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Jump Cut Paperback – October 27, 2011
"A rollicking good read. Jump Cut is in turns funny and gritty, cozy and hardboiled, romantic and illusion-shattering."
"An engaging heroine every woman can identify with: good-natured, smart, harried, all too aware she's growing older. She just wants to catch a break. I loved her almost as much as I loved Rory Tate's breezy, fast-paced writing style!" -- Katy Munger, award-winning author of the Casey Jones mysteries
"Great book, hopefully the beginning of a new series, characters are worth visiting again and again. Highly recommended."
From the Author
Rory Tate is a pseudonym for bestselling mystery writer Lise McClendon, author of Blackbird Fly. Look for Rory Tate's newest thriller, PLAN X, an action-packed thrill ride from Montana to Washington DC to London, featuring a female cop just back from Iraq who takes her task of finding next-of-kin way too personally.
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Top customer reviews
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So says the epigram at the beginning of Rory Tate's novel, Jump Cut. It's a fitting title and motif for the story of Mimi Raynard, a metaphor for the paradoxes with which she lives. If one can be both hapless and brilliant, emotionally secure and grieving a parentless childhood, independent and longing for connection, then one can be Mimi. A reporter who's had some unfortunate on-air moments, almost certainly because of circumstances beyond her control, Mimi's in search of journalistic vindication. She teams up with Shad Mulgrew, a falsely-accused narcotics detective in search of his own vindication. In the serendipitous world of detective fiction, the reporter and the detective are working the same case, which jumps from Seattle to Moldova and back to Seattle, from hurt to healing, from disconnection to intimacy.
All the elements are there: prostitutes and drug-running, newsrooms and squad rooms, romance and action. Jump Cut is in turns funny and gritty, cozy and hardboiled, romantic and illusion-shattering. It's also a rollicking good read.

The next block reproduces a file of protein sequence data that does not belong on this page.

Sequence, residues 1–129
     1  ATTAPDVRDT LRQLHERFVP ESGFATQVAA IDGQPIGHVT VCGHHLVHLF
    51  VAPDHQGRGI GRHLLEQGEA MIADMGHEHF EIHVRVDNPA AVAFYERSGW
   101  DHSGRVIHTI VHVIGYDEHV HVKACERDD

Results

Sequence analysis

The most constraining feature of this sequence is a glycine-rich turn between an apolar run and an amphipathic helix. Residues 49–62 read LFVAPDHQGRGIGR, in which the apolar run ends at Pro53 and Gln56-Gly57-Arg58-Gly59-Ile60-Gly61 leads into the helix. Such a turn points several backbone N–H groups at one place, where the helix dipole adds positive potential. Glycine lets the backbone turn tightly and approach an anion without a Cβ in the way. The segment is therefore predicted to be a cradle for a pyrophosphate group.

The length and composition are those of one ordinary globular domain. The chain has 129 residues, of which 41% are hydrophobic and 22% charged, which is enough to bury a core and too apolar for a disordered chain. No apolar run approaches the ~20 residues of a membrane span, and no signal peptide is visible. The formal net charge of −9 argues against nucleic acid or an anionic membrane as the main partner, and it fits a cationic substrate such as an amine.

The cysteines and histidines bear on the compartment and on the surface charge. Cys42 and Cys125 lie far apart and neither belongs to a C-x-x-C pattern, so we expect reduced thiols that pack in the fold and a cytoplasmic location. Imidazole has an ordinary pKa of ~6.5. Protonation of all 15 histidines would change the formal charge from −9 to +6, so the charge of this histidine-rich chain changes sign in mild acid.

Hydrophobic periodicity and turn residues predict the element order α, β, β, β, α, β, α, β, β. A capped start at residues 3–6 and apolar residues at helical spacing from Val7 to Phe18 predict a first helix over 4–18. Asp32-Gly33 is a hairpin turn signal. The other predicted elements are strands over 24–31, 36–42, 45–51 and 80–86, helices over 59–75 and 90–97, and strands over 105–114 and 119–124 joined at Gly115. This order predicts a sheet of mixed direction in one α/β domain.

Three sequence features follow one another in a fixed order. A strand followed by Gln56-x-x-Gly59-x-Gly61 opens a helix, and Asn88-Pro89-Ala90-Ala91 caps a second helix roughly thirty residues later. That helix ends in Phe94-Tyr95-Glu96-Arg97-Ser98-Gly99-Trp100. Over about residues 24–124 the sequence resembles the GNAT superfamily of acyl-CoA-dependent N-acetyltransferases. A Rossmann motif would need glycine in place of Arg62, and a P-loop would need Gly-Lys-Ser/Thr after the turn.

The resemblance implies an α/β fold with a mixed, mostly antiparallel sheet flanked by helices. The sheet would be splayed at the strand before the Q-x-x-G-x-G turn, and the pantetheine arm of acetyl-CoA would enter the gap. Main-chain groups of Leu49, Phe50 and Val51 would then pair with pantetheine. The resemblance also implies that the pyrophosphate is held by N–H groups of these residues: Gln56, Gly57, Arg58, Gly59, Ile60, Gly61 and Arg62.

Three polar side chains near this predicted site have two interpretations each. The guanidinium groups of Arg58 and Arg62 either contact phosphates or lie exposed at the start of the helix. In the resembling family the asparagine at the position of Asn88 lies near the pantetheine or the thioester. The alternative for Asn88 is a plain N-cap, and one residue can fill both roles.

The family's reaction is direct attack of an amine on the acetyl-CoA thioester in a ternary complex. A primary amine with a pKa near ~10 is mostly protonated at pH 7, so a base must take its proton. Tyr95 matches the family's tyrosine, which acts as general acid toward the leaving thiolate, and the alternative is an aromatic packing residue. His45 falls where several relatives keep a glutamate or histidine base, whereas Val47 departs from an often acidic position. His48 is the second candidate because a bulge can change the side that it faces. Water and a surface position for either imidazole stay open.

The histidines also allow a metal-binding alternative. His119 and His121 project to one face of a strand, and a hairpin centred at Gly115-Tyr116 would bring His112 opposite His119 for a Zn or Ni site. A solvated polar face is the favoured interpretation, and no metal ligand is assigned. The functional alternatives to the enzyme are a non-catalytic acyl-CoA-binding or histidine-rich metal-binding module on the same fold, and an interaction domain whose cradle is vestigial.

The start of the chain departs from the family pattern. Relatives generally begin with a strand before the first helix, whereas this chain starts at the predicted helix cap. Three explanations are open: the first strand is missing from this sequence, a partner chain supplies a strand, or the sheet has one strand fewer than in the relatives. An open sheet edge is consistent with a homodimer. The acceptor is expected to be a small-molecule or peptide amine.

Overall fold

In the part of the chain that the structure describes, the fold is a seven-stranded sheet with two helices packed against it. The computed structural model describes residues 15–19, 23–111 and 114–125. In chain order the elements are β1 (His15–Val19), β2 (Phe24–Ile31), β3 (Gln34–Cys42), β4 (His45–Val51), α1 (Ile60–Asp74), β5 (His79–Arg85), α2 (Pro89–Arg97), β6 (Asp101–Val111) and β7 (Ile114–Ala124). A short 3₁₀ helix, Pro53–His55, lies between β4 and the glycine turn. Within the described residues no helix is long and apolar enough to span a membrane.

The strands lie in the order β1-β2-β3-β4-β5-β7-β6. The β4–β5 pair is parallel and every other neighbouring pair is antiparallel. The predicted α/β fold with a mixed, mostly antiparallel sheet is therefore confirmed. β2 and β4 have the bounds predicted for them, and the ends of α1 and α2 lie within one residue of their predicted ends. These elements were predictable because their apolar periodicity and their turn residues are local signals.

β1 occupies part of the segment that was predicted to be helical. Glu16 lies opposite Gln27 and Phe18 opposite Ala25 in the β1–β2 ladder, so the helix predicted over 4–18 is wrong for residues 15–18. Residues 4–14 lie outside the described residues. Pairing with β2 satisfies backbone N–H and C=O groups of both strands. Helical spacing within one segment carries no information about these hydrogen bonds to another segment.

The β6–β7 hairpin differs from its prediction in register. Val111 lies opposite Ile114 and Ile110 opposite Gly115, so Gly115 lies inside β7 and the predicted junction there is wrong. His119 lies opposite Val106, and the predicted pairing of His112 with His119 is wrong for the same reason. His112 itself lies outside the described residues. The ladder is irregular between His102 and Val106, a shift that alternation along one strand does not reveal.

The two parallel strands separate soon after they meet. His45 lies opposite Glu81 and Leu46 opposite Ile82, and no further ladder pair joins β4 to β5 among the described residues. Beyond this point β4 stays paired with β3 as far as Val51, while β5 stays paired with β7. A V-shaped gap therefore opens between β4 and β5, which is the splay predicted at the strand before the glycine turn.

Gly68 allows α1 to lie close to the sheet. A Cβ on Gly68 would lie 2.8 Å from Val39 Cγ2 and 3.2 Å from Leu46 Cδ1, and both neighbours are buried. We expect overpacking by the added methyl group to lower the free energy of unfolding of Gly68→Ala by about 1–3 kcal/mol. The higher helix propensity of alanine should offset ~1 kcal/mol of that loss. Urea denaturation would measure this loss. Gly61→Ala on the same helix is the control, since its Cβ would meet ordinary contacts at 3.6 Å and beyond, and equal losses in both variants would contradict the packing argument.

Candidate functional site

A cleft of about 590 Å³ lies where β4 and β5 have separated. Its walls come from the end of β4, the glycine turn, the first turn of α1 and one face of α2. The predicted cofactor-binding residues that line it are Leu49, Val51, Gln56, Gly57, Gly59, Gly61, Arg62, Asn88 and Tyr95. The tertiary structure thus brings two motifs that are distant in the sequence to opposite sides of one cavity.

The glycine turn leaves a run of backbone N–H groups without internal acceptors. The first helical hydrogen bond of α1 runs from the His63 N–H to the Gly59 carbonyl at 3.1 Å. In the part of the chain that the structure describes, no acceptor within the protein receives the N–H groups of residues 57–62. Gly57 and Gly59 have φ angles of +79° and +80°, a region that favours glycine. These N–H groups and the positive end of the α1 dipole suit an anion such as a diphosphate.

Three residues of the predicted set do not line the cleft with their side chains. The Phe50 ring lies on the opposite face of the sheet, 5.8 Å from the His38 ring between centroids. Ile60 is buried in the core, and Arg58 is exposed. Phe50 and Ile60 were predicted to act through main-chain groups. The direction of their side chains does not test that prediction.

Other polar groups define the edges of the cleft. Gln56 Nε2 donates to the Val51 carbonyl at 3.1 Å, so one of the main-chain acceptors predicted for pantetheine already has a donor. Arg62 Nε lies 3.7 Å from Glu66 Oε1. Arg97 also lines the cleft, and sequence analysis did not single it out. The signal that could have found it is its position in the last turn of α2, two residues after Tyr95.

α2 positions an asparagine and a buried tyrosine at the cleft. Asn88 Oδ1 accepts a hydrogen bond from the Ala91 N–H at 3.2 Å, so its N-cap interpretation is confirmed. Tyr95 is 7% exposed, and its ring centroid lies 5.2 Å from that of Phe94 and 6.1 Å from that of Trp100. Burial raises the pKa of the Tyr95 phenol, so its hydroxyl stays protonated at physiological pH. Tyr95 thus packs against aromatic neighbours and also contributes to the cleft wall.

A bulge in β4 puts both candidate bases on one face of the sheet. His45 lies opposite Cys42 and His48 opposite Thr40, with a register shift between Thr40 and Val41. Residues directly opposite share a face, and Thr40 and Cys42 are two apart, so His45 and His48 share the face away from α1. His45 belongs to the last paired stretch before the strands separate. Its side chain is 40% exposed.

I loved Mimi and her out-of-control life, though I'll admit it did get depressing when EVERYTHING seemed to go wrong for her. I actually wanted to smack the younger, "hotter" girl reporter for what she did to Mimi, but she got what was coming to her. Served her right, too. Same with her scum ex-husband. I also liked Shad, the cop, and I was dying to know who was setting him up and how he'd get out of it. Mimi's family was weird but funny and I liked all of them. Except her dad, who was a total loser, but he did do something good in the end. (Call me weird but I thought it was great when Maddie sang that song at the funeral - it just seemed fitting. Makes me want to use it for my own funeral!)
In conclusion, I do recommend this book. It seems to jump around sometimes (hence the title) but don't give up cause it all comes together at the end. I thought it was a fun and exciting read. You should try it.
Mimi says whatever comes into her head, which isn't always a smart thing to do. Meanwhile, we are introduced to Shad Mulgrew, a cop who's as tight-lipped as Mimi is gregarious. A healty number of supporting characters are involved but they have good character development and individual voices so it's not confusing who's who.
The plot is well-paced, the characters are well-defined and mostly believable, and the writing style is pleasant. While this isn't great literature, it's amusing and intriguing enough for light reading.
Mimi's journey takes her to the tiny, mostly unknown, country of Moldova, where her long-lost father is working on a clandestine project. As Mimi and Muldrew fight for their jobs and search for a resolution to the murders, they are surprised to find that not only is there a dirty detective involved, but Mimi's father seems to have found his way into the tragic mix of things as well.
The characters in Jump Cut are well-defined and interesting. From Shad, Mimi, and Mimi's grandma to the evil-doers from Moldova,and beyond, you get a real sense of who these characters are - beloved, abandoned, courageous, selfish, self-deprecating, good, evil, misunderstood, and more. For a good read, read Jump Cut.